• The processing of genetic or biometric data to uniquely identify a natural person;
    • Personal data collected from a known child; or
    • Precise geolocation data.

The VCDPA also requires businesses to obtain consent from consumers before using their data. It mandates companies to perform data protection assessments when processing personal data for targeted advertising and sales. Additionally, the law imposes certain restrictions on the use of de-identified data, which is data altered to no longer directly identify the individuals from whom it was collected.

Some entities are exempt from the VCDPA, including: Government agencies, Financial institutions, Businesses covered by HIPAA, Nonprofit organizations, and Higher education institutions.

Summary developed with support from Bloomberg Law.


Does the policy solution re-distribute power from mainstream institutions to impacted Black community?   

The VCDPA primarily focuses on providing individual consumers with rights over their personal data rather than redistributing power to specific communities, including the Black community. However, by granting individuals more control over their data, and by having more transparency and accountability, the policy does enable consumers, including those from impacted Black communities, to have greater say over how their data is used by businesses.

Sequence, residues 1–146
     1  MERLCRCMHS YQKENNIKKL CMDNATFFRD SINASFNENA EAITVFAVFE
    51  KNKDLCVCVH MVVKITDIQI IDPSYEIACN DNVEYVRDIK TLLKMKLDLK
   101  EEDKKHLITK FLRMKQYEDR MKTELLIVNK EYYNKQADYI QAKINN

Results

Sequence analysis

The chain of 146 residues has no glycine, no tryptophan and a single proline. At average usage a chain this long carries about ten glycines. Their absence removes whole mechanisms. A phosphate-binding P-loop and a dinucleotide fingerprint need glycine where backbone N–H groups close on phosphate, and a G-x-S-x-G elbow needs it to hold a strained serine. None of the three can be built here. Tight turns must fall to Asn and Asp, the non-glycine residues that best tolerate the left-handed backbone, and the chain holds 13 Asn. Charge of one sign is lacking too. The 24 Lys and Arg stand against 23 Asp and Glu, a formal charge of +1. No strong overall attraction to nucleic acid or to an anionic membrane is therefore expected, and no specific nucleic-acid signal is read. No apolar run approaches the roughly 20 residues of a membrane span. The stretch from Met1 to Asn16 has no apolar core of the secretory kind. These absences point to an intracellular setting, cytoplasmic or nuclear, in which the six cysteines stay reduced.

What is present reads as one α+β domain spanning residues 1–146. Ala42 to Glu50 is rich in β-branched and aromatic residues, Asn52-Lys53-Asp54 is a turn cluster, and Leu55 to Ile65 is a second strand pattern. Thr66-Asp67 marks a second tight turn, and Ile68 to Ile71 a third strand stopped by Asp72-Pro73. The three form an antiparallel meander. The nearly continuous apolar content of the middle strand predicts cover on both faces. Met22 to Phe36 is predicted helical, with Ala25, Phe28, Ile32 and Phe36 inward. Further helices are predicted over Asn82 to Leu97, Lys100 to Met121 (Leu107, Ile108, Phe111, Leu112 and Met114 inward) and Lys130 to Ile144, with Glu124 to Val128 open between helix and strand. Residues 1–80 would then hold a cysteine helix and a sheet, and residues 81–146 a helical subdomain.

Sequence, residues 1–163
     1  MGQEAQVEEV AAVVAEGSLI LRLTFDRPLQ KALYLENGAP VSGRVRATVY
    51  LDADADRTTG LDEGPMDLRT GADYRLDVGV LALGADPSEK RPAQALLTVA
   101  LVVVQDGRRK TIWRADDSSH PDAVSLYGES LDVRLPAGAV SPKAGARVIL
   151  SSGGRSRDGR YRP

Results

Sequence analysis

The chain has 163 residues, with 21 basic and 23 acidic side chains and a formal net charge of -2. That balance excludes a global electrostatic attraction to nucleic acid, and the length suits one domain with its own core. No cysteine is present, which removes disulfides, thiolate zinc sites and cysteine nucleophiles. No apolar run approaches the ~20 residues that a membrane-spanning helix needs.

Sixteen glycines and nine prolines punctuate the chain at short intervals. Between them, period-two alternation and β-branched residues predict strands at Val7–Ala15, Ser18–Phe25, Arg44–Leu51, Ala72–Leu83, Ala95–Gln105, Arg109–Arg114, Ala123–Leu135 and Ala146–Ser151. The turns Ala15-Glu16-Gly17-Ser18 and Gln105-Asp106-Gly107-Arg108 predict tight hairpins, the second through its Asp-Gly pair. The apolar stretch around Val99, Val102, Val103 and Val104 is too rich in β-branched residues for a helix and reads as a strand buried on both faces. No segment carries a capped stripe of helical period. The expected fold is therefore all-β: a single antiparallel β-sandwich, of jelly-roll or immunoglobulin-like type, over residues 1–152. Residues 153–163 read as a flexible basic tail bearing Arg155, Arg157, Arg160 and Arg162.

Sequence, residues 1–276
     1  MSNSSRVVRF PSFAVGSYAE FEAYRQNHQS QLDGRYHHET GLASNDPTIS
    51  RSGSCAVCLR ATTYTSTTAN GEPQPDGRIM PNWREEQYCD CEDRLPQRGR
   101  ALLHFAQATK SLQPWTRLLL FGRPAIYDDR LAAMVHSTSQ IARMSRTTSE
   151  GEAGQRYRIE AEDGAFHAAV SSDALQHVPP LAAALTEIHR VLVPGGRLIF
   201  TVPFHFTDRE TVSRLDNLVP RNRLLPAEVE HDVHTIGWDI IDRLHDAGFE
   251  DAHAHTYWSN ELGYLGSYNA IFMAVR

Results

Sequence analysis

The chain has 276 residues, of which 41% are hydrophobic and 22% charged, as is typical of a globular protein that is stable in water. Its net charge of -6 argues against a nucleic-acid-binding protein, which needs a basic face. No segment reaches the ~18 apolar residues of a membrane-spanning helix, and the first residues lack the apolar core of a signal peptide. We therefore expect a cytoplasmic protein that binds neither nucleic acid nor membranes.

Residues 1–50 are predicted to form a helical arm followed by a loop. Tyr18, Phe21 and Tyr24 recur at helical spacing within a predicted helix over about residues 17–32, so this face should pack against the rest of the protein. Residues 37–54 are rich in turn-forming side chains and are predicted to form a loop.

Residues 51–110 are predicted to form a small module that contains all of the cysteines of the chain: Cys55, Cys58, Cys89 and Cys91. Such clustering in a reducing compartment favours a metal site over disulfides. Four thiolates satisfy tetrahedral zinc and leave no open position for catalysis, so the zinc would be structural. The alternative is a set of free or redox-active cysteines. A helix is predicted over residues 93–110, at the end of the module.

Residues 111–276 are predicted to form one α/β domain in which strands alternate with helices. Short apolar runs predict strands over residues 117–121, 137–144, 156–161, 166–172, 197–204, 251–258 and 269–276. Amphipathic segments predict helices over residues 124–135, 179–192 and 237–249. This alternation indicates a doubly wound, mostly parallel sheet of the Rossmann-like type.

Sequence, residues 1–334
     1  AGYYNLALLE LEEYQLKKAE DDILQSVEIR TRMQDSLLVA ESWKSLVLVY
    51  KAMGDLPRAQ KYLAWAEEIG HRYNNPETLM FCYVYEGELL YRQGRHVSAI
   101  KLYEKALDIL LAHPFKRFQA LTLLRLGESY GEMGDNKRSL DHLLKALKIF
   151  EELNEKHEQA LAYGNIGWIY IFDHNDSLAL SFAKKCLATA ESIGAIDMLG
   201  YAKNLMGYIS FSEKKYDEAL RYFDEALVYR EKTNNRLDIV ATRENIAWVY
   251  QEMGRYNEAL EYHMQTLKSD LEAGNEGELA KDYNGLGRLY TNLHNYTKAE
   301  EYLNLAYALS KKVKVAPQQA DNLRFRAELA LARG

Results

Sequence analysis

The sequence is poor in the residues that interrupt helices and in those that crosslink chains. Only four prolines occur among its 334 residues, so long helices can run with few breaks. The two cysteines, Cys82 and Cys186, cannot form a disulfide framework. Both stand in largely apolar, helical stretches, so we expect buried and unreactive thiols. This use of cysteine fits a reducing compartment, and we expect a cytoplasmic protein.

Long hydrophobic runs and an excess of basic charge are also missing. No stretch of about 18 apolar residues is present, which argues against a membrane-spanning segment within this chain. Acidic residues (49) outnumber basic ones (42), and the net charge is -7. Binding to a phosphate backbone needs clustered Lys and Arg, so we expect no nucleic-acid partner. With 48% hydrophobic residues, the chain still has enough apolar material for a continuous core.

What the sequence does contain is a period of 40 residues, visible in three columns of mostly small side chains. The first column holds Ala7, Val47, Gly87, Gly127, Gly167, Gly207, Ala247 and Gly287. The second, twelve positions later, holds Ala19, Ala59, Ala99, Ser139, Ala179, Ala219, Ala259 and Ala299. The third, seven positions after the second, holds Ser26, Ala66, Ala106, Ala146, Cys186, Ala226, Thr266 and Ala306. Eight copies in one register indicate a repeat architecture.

Does this policy address needs impacting diverse groups within Black communities (Black femmes, Black LGBTQ+ communities, Black immigrants, people in poverty, differently abled, people impacted by justice system)? If so, how? 

The VCDPA addresses privacy needs that can impact all consumers, including diverse groups within Black communities. The law’s protections around sensitive data, such as racial or ethnic origin, health diagnosis, and precise geolocation data, are particularly relevant for marginalized groups who may face discrimination based on this information. The requirement for businesses to obtain consent before using such data helps safeguard these communities from potential misuse and exploitation.